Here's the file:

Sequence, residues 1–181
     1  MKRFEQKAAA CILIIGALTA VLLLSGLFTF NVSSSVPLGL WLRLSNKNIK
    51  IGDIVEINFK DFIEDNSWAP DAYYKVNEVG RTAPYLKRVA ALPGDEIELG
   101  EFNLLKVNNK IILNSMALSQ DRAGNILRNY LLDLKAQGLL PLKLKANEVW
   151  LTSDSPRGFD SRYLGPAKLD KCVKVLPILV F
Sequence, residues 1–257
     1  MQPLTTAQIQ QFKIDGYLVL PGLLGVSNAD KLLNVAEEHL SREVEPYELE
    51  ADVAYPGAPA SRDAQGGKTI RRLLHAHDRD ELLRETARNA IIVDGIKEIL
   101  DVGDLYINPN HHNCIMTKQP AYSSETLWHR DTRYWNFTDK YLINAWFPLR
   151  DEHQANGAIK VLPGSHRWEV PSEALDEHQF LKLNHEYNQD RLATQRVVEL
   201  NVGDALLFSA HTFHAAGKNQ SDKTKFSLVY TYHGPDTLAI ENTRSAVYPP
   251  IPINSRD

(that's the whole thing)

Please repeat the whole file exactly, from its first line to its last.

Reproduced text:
Sequence, residues 1–181
     1  MKRFEQKAAA CILIIGALTA VLLLSGLFTF NVSSSVPLGL WLRLSNKNIK
    51  IGDIVEINFK DFIEDNSWAP DAYYKVNEVG RTAPYLKRVA ALPGDEIELG
   101  EFNLLKVNNK IILNSMALSQ DRAGNILRNY LLDLKAQGLL PLKLKANEVW
   151  LTSDSPRGFD SRYLGPAKLD KCVKVLPILV F
Sequence, residues 1–257
     1  MQPLTTAQIQ QFKIDGYLVL PGLLGVSNAD KLLNVAEEHL SREVEPYELE
    51  ADVAYPGAPA SRDAQGGKTI RRLLHAHDRD ELLRETARNA IIVDGIKEIL
   101  DVGDLYINPN HHNCIMTKQP AYSSETLWHR DTRYWNFTDK YLINAWFPLR
   151  DEHQANGAIK VLPGSHRWEV PSEALDEHQF LKLNHEYNQD RLATQRVVEL
   201  NVGDALLFSA HTFHAAGKNQ SDKTKFSLVY TYHGPDTLAI ENTRSAVYPP
   251  IPINSRD